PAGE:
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Número de publicaciónUS6392410 B2
Tipo de publicaciónConcesión
Número de solicitudUS 09/864,437
Fecha de publicación21 May 2002
Fecha de presentación24 May 2001
Fecha de prioridad3 Mar 1998
TarifaPagadas
También publicado comoCA2264325A1, CA2264325C, CN1122855C, CN1248705A, EP0940688A2, EP0940688A3, EP0940688B1, EP1255128A1, EP1255128B1, US7501817, US20020008514
Número de publicación09864437, 864437, US 6392410 B2, US 6392410B2, US-B2-6392410, US6392410 B2, US6392410B2
InventoresBruno Luong, Krishnamurthy Ganesan, Martin E. Poitzsch
Cesionario originalSchlumberger Technology Corporation
Exportar citaBiBTeX, EndNote, RefMan
Enlaces externos: USPTO, Cesión de USPTO, Espacenet
Nuclear magnetic resonance apparatus and method for generating an axisymmetric magnetic field having straight contour lines in the resonance region
US 6392410 B2
Resumen
The present invention is directed to a nuclear magnetic resonance apparatus and method for generating an axisymmetric magnetic field having long, straight contour lines in the resonance region. A magnetically permeable member is used to shape the static magnetic field generated by an array of permanent magnets. The magnetically permeable member minimizes variations of the static magnetic field in the formation due to vertical motion of the apparatus while obtaining a nuclear magnetic resonance measurement. Further, the magnetically permeable member may minimize variations of the static magnetic field in the formation due to lateral motion of the apparatus while obtaining a nuclear magnetic resonance measurement.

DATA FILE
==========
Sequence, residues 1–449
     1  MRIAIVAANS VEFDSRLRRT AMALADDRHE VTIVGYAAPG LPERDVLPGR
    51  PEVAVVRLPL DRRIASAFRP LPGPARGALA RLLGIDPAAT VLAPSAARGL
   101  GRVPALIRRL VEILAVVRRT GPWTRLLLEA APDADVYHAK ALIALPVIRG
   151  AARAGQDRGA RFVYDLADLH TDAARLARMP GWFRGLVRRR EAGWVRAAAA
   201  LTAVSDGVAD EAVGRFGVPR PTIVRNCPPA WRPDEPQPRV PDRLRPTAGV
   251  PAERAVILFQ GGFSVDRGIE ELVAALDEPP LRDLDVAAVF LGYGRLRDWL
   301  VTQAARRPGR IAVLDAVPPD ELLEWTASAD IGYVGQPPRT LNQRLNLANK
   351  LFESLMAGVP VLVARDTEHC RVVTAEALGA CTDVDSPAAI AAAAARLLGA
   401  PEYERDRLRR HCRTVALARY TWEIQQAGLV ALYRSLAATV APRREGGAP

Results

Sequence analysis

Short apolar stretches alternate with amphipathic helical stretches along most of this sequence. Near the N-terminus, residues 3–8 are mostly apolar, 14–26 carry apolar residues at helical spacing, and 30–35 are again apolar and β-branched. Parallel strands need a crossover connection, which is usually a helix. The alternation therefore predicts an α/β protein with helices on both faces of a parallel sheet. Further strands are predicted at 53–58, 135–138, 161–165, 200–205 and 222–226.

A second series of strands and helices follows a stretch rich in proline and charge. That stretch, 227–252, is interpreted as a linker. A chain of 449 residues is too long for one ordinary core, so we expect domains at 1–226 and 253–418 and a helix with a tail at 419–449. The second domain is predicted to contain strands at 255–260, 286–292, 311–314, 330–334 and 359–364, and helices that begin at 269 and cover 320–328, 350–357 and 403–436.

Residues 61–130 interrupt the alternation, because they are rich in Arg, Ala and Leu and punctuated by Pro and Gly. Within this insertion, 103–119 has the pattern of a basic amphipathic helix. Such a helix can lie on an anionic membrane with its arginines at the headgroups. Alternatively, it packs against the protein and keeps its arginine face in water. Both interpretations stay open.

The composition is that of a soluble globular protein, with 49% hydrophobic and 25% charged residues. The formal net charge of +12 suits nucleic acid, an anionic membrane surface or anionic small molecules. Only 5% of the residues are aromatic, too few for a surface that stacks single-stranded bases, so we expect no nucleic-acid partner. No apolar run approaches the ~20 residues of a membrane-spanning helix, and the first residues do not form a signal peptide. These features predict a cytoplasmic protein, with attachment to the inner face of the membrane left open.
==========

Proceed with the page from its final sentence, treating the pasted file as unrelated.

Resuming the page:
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Reclamaciones(32)
What I claim is:
1. An apparatus for generating a magnetic field, comprising:
a) a drilling means for drilling a borehole into a formation;
b) a carrying means for carrying drilling fluid through the drilling means; and
c) a measuring means, connected to the drilling means, for making nuclear magnetic resonance measurements while the borehole is being drilled, the measuring means comprising:
i) a static magnetic field producing means for producing a substantially axisymmetric static magnetic field through the drilling means and into the formation, the static magnetic field producing means comprising:
a) an axially magnetized upper magnet surrounding the carrying means; and